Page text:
Kohl Retreats, Says He Accepts Polish Borders : Europe: Warsaw cautiously welcomes the news. West Germany will propose a formal treaty Thursday.


Chancellor Helmut Kohl, knuckling under to international pressure on the controversy over Poland’s postwar borders, agreed Tuesday that a reunited Germany will recognize those borders.

Kohl’s chief of staff, Chancellery Minister Rudolf Seiters, said the West German government will propose a motion Thursday in the Bundestag, the lower house of Parliament, calling for a treaty between Poland and a unified Germany to formalize the existing frontier, which follows the line of the Oder and Neisse rivers from the Baltic Sea to Czechoslovakia.

The chancellor also backed down on his demand that Poland agree to drop any claims for war reparations and guarantee the rights of ethnic Germans in Poland in exchange for a border guarantee.


“Mistakes were made on all sides, including by me,” Kohl told reporters.

The Polish government welcomed Kohl’s change of heart but cautioned that it may not be enough.

“It is undoubtedly a step concordant with our expectations,” said Polish government spokesman Zbigniew Augustynowicz. “But it is not yet what Prime Minister (Tadeusz) Mazowiecki proposed. We will observe future developments.”

Mazowiecki had called on Kohl to issue a guarantee as leader of the West German government that a reunited German state would not seek to recover territory in western Poland that was part of the Germany before its defeat in World War II. Kohl had refused, saying that, legally, such matters had to be decided by the government of a reunited nation.

Soviet President Mikhail S. Gorbachev, meeting in Moscow with East German Prime Minister Hans Modrow, said he is glad that Kohl has “corrected” his failure to be specific.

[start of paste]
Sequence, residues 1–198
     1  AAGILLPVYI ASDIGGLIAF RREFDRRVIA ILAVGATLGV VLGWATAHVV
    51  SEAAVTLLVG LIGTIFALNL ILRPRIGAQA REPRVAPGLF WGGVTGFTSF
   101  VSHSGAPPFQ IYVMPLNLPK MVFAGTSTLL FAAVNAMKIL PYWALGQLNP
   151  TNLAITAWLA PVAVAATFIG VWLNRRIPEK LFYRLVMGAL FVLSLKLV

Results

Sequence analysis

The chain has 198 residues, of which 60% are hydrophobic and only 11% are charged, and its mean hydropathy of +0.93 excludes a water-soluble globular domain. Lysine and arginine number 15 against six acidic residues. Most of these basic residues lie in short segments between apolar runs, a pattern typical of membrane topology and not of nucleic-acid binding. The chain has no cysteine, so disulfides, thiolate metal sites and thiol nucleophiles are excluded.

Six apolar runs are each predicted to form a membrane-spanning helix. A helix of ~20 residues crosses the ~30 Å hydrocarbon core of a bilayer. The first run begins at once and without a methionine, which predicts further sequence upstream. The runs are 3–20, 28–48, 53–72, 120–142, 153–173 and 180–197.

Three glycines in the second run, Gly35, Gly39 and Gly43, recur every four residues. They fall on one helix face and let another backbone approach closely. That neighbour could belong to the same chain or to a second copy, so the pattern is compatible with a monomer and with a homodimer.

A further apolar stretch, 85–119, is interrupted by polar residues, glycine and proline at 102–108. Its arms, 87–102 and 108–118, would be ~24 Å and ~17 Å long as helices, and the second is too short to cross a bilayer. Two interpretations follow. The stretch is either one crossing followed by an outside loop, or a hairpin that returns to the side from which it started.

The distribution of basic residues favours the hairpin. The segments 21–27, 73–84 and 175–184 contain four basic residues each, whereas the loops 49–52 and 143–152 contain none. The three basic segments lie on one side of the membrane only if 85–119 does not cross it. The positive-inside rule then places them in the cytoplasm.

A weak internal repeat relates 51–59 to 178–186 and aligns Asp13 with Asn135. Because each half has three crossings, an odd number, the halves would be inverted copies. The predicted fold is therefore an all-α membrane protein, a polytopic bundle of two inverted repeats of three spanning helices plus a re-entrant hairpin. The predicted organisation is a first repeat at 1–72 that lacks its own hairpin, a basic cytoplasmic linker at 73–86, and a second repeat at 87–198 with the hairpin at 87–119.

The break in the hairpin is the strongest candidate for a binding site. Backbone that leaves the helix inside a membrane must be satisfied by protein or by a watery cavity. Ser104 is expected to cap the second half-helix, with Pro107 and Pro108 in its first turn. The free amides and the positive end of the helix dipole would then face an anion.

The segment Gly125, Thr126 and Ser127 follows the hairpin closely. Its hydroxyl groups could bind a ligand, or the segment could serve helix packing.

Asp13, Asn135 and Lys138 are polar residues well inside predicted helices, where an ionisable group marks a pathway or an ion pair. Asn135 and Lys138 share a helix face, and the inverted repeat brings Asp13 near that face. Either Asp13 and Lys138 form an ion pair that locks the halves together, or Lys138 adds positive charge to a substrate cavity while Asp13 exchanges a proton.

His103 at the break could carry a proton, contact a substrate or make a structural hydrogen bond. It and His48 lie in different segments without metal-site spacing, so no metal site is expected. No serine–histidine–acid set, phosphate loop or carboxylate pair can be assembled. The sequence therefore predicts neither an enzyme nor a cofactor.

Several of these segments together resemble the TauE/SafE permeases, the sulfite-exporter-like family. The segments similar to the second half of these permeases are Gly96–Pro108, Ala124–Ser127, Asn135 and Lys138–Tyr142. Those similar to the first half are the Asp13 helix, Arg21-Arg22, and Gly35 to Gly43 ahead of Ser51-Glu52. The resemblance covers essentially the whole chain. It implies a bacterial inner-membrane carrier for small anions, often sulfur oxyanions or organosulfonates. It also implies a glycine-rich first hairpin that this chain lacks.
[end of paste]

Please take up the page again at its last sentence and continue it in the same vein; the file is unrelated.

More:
“I welcome that,” Gorbachev said of the news from Bonn. “Lack of clarity on such a fundamental issue does not belong to serious policy.”

Earlier in the day, before meeting Modrow, Gorbachev had warned that any German move to recover territory in the east would be “fraught with serious consequences,” according to the official news agency Tass.


He and Modrow later declared after their talks that it would not be acceptable for a unified Germany to be a member of the North Atlantic Treaty Organization.

In Washington, Chairman Claiborne Pell (D-R.I.) of the Senate Foreign Relations Committee said West Germany has now provided “necessary assurances” in support of the Polish border, and he dropped action on a sense-of-the-Senate resolution linking the question to U.S. recognition of a united Germany.

“I believe international pressure . . . contributed to Chancellor Kohl’s decision to provide the necessary assurances on the Polish-German border,” Pell said.

Kohl’s decision is also expected to defuse a potential rift with his government’s coalition partners, the Free Democrats, and put to rest concerns that have arisen in much of Europe about the attitudes of a strong new Germany.

Kohl’s aide, Seiters, said the chancellor’s decision to back down was reached at a 3 1/2-hour meeting with the Free Democratic members of the government.